New pregnancy care guidelines from WHO

THE World Health Organisation has issued a new series of recommendations to improve quality of antenatal care in order to reduce the risk of stillbirths and pregnancy complications.
New pregnancy care guidelines from WHO New pregnancy care guidelines from WHO New pregnancy care guidelines from WHO New pregnancy care guidelines from WHO New pregnancy care guidelines from WHO

Last year, an estimated 303,000 women died from pregnancy-related causes, 2.7 million babies died during the first 28 days of life and 2.6 million babies were stillborn. Quality health care during pregnancy and childbirth can prevent many of these deaths, yet globally only 64% of women receive antenatal (prenatal) care four or more times throughout their pregnancy, WHO said.

WHO said that antenatal care was a critical opportunity for health providers to deliver care, support and information to pregnant women. This included promoting a healthy lifestyle, including good nutrition; detecting and preventing diseases and providing family planning counselling; and supporting women who may be experiencing intimate partner violence.

“If women are to use antenatal care services and come back when it is time to have their baby, they must receive good quality care throughout their pregnancy," WHO director Dr Ian Askew said.

“Pregnancy should be a positive experience for all women and they should receive care that respects their dignity,” Askew said.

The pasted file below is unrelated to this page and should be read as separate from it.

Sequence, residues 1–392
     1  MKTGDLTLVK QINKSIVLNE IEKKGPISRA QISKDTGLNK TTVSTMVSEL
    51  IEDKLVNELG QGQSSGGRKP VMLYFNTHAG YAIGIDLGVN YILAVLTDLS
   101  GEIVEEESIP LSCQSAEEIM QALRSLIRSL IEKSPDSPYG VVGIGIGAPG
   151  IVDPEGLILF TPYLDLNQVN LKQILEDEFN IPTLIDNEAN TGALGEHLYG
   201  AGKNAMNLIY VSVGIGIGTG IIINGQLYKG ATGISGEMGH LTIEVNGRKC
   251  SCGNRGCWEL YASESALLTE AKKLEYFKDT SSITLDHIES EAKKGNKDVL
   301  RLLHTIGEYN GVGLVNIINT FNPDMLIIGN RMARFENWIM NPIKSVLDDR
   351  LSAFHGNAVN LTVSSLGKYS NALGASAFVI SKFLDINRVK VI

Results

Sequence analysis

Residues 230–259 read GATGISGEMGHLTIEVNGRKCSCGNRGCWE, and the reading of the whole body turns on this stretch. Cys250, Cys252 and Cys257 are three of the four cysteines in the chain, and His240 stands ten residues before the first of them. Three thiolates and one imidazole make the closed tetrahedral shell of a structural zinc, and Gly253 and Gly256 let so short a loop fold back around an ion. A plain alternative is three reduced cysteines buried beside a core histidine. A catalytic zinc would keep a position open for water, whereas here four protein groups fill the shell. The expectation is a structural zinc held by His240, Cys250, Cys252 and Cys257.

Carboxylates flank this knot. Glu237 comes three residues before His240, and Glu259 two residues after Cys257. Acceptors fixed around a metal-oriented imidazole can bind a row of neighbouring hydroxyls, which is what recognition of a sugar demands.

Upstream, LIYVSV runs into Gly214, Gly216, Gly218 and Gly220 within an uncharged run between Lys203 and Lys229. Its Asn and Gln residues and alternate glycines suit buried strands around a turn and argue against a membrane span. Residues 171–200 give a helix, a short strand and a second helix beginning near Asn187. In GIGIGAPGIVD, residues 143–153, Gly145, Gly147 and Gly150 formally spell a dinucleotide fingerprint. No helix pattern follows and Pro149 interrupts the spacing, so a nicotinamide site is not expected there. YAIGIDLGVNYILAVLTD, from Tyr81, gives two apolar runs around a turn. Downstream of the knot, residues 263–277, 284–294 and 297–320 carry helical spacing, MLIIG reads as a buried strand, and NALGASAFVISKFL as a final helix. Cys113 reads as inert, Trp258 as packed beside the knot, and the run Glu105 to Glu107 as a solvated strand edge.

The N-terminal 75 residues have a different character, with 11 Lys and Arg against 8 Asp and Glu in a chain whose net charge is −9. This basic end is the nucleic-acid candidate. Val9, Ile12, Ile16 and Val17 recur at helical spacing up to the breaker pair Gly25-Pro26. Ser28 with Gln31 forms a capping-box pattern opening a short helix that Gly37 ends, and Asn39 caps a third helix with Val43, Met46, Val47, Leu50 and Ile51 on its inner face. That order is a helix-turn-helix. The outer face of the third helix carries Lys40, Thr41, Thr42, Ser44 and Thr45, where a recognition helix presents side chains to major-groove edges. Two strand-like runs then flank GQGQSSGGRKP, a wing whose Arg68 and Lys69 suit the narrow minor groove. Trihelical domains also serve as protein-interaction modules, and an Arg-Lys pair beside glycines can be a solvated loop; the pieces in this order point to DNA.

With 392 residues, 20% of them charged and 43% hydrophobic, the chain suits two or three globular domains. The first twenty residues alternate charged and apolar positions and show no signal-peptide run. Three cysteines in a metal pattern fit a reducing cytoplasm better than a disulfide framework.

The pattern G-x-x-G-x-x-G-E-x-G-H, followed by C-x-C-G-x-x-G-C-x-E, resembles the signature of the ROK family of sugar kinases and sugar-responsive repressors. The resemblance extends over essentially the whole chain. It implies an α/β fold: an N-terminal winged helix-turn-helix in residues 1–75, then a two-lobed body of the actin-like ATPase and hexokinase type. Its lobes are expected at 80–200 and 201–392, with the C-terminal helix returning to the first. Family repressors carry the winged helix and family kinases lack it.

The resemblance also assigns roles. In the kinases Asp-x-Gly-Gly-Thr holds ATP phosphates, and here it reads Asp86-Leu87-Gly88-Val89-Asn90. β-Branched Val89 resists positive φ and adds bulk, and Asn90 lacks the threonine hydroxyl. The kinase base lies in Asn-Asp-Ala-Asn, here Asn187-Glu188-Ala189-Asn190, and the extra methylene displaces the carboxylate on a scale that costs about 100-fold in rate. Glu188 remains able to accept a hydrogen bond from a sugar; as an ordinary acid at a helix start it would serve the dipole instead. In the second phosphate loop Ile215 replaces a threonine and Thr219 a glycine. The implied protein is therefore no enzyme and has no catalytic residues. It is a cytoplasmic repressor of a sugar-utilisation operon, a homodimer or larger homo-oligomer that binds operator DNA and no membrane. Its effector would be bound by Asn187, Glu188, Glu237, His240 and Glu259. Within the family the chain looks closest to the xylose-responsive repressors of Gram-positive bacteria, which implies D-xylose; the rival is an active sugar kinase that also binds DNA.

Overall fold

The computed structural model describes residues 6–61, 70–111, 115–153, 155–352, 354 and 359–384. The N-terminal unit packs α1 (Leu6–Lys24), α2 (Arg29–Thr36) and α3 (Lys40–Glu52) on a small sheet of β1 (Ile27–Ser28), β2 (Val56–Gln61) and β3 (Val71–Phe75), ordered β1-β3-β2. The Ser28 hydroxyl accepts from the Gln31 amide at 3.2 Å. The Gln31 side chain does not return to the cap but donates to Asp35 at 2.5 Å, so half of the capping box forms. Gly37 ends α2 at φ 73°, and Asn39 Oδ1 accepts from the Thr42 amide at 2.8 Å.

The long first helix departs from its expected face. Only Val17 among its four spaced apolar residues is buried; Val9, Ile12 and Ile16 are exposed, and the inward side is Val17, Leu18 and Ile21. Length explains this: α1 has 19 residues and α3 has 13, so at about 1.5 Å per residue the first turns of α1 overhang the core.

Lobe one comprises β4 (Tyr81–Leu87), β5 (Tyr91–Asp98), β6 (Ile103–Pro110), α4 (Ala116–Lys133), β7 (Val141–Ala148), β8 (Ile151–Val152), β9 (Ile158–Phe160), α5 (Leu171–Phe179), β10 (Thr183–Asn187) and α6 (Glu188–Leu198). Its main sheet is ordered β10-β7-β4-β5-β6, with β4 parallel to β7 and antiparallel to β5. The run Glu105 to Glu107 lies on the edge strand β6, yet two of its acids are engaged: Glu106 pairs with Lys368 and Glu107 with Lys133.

The new guidelines contain 49 recommendations that outline what care pregnant women should receive at each of the contacts with the health system, including counselling on healthy diet and optimal nutrition, physical activity, tobacco and substance use; malaria and HIV prevention; blood tests and tetanus vaccination; foetal measurements including use of ultrasound; and advice for dealing with common physiological symptoms such as nausea, back pain and constipation.

WHO said that strengthening health systems, including through improved access to qualified health providers, would be key if countries are to implement the guidelines

In September, the UN Commission on Health Employment and Economic Growth recently called for accelerated investment in the health workforce. In response to the commission’s request, the vice-chairs of the Commission from WHO, the International Labour Organisation (ILO), and the Organisation for Economic Cooperation and Development (OECD) will convene all relevant stakeholders by the end of 2016 to develop a five-year implementation plan for the 10 recommendations.

More information can be obtained from Kimberly Chriscaden on email or Fadela Chaib (


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